Trans-siberian Rail­way

DRIFT Travel magazine - - Inside This Issue - BY: AN­NIE HENNESSEY

At 102 years old, the mon­u­men­tal en­gi­neer­ing feat that is the Trans-siberian rail­way is a travel mar­vel not to be missed.

As the long­est rail­way line in the world, a lot of its ap­peal as a travel ex­pe­ri­ence lies in the sheer dis­tance cov­ered. And thus, the op­por­tu­nity to see so much of Rus­sia’s com­mand­ing and hy­brid land­scape in one go.

But to make the most of a Trans-siberian trip, one would be well-ad­vised to soak up as much as you can of Rus­sian cul­ture along the way; at­tend the ballet or the opera or try some Rus­sian street food at a lo­cal mar­ket.

The start­ing point of the Trans-siberian route is Rus­sia’s cap­i­tal, Moscow. It is most highly en­dorsed for sight­see­ing by Book­ trav­el­ers and as you dash be­tween palaces and churches you’ll discover that al­most every cor­ner of the city boasts some form of his­toric in­trigue. First to visit would have to be Red Square and the Krem­lin. Then the city’s nu­mer­ous gal­leries and mu­se­ums, of­ten framed by re­gal gar­dens.

No­tably, the Tretyakov Gallery, con­tain­ing the great­est col­lec­tion of Rus­sian fine art in the world. Take a stroll along the Old Ar­bat, a street dat­ing back to at least the 15th cen­tury that has been home to sev­eral Rus­sian heavy­weights in­clud­ing poet and play­wright, Alexan­der Pushkin. If you can get hold of tick­ets, catch­ing a per­for­mance at the Bol­shoi Theatre makes an un­for­get­table evening.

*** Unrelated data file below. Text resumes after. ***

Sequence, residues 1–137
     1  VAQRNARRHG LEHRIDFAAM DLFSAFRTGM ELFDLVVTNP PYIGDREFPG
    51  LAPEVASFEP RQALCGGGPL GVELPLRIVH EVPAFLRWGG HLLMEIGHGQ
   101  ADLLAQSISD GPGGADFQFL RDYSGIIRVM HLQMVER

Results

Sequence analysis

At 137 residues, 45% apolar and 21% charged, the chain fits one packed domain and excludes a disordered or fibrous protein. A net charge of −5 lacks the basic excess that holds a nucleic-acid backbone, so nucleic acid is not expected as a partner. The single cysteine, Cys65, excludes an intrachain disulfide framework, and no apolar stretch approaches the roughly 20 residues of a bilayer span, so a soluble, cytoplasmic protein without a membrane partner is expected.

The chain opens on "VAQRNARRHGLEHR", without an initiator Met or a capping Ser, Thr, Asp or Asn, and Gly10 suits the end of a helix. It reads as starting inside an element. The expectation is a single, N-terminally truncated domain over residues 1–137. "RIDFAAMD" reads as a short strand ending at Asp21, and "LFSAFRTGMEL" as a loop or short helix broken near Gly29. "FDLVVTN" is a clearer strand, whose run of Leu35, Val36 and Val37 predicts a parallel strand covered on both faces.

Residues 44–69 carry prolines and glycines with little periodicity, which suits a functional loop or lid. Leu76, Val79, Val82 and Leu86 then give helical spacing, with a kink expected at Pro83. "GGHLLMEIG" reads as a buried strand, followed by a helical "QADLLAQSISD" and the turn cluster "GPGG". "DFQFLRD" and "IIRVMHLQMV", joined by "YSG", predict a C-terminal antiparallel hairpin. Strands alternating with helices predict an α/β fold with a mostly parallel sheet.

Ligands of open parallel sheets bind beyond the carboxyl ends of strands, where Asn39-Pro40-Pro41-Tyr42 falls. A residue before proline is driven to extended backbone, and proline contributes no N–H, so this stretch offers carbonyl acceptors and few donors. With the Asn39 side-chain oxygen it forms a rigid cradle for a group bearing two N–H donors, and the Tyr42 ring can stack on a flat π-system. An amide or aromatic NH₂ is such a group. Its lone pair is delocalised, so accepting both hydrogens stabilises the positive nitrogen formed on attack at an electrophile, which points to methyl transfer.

First stop, Kirov. As is pop­u­lar amongst vis­i­tors and lo­cal alike, you’ll want to ex­plore on foot. The city is named af­ter Soviet leader, Sergey Kirov, but its story goes back to the 14th cen­tury. Visit the Vy­atka Mu­seum of Art, founded in 1910 by lo­cal artists and one of the old­est of its kind.

This at­trac­tive city of Kirov is best explored on foot.

Yaroslavl’s win­ning fea­ture may well be its stun­ning sky­line. Thanks to some gen­er­ous re­li­gious pa­trons, the city is filled with churches, cathe­drals and monas­ter­ies. All of which pos­sess won­der­fully gar­ish and bul­bous domes, drip­ping in gold and reach­ing up into the sky.

Yeka­ter­in­burg is per­haps most fa­mous as the place where the Rus­sian royal fam­ily, the Ro­manovs, met their tragic fate. But in their mem­ory, var­i­ous typ­i­cal Rus­sian churches have been con­structed, hence the town be­ing most highly-en­dorsed for ‘tem­ples’. While you’re in town, pot­ter around the busy Bazaar for a taste of a real Rus­sian mar­ket­place.

The Novosi­birsk Opera and Ballet Theatre is the largest theatre in Rus­sia, and mod­eled on an­cient Greece. It’s best viewed when lit up at night and blan­keted in snow, dom­i­nat­ing Lenin Square in the city cen­ter with its sturdy col­umns and pala­tial dome. But this pop­u­lous city has many more de­lights, be it nightlife, the res­tau­rant scene, or its many mon­u­ments, from the Novosi­birsk Rail Bridge the Byzan­tine-es­que Alexan­der Nevsky Cathe­dral.

Of all the stops along the Tran­sSiberian route, Khabarovsk is per­haps the prettiest. Book­ing. com trav­el­ers en­dorsed it most for ‘parks’ but its whole river­side area on the banks of the Amur, filled with tsaris­tera ar­chi­tec­ture and dec­o­rated walk­ways, is the ma­jor at­trac­tion. With good weather comes live mu­sic, al fresco eater­ies, and warm evening walks but it’s equally ma­jes­tic when cov­ered with snow.

With sea mist rolling in from Vladi­vos­tok’s Golden Horn Bay and the city sky­line fo­cused on its two mighty bridges, this Pa­cific port city feels rem­i­nis­cent of San Fran­cisco or Istanbul. Though its most en­dorsed for ‘ex­cur­sions’, you could eas­ily oc­cupy your­self for days just wan­der­ing around un­der your own steam. Walk along the water­front on Kora­bel­naya Em­bank­ment to get the clos­est views of Rus­sia’s Pa­cific Fleet.

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